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Author Topic: This needs to be read  (Read 16072 times)
Wayne Fox
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« Reply #60 on: July 09, 2013, 01:29:40 PM »
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My point was that I didn't get proper feedback and learn from my mistakes until I started working professionally.  What I learned on the job I applied in my technique.  I think feedback is important, as long as it's genuine and from folks whom are in the know and have good reason for their honesty.  It's encouraging to have managers, directors and designers to be open and direct in their feedback.  Not many folks would have the patience or skin to remain in a room of several folks giving direction/input.  Nor spending all day shooting 1000 images, and then the next working 8 hours just to get one.   I find it satisfying in solving their problems and their repeat business is the best of compliments.

It's not about the business, or having a room full of expensive gear.  The best part of the job was having the access to these folks' feedback, and knowing that my work matters.  So when a small group of judges write about their frustration in not finding any "winners" in their contest?  I do understand what they're coming from.  Case in point:  I was in Baltimore harbor, shooting boats, and I can't tell you how many other photographers were rolling through and blindly shooting click-click-click-click... hardly taking pause to even bother with the subject matter.  Things like too many people in the way (including them being in my way), waiting for the wind to get a flag going, or waiting for the right moment when a passing boat would frame correctly in it's surroundings, didn't seem to bother them.  Stuff that was not much different when I was shooting product on table, or a location set.  It's a fairly good guess that such attitudes were reflected in their shots, lacking anything of merit and attention to detail, and that's why the issue.

-Keep shooting

the point I was trying to make is this feedback that you found valuable because it help you solve their problems to me seems very limited in scope (and by that i don't mean not valuable or unimportant, certainly it was that).  And the feedback you so distrusted from "non experts" may have been far more valuable than you realize had you interpreted and listened to what they say.  "Oh that's nice" often is easily interpreted as "gee, that's not really that cool but what do you say to a friend".  Feedback from all sources is important, including the raw instinctual feedback from those untrained.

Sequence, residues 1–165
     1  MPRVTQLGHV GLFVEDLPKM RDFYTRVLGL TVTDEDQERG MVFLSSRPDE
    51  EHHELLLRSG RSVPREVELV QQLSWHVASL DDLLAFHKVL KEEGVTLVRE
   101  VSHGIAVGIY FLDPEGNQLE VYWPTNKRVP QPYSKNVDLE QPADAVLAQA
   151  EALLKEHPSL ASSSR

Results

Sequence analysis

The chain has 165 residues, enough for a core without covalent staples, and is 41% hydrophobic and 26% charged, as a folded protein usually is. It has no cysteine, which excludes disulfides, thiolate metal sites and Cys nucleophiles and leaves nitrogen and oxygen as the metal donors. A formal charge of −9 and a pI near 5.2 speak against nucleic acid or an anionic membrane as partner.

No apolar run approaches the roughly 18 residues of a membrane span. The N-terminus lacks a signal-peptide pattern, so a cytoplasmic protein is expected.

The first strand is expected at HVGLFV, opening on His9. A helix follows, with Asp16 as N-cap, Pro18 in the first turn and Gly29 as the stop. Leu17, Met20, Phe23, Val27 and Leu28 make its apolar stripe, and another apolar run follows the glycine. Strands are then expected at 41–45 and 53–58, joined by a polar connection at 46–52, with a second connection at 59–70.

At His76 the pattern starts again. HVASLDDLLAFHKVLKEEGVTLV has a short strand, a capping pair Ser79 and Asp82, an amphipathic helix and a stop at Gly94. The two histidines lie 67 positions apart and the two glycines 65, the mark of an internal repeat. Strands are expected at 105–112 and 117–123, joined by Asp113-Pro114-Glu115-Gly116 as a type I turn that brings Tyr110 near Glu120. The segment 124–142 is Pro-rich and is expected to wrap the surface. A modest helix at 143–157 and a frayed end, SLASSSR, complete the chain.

The last line of your post was really what pushed me to respond, because I'm just the opposite.  For 35 years I mainly shot for "you" meaning the customer or critic.  I made them happy, made money, but quickly wasn't much fun.  Now I shoot pretty much for myself, and life is much better.  Fortunately there are some who have similar tastes to mine and enjoy what I shoot.  

I like the line in the signature of Bob's post right above this one.  (and I agree whole heartedly with his post as well).
« Last Edit: July 09, 2013, 01:36:35 PM by Wayne Fox » Logged

Isaac
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« Reply #61 on: July 09, 2013, 02:33:09 PM »
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This notion that every picture has to tell a story...

Huff and puff.

No, not "every picture" - saying "every picture" is "utter nonsense".

Just pictures that are to be accepted according to the stated competition rules.
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Wayne Fox
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« Reply #62 on: July 09, 2013, 04:39:05 PM »
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Just pictures that are to be accepted according to the stated competition rules.

I think that sort of is the crux of the issue ... it really wasn't a standard competition in the sense most photographers are used to but the article and most of it's criticism seems to be directed at ideas as though it was a standard one.
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RFPhotography
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« Reply #63 on: July 09, 2013, 04:47:03 PM »
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Huff and puff.

No, not "every picture" - saying "every picture" is "utter nonsense".

Just pictures that are to be accepted according to the stated competition rules.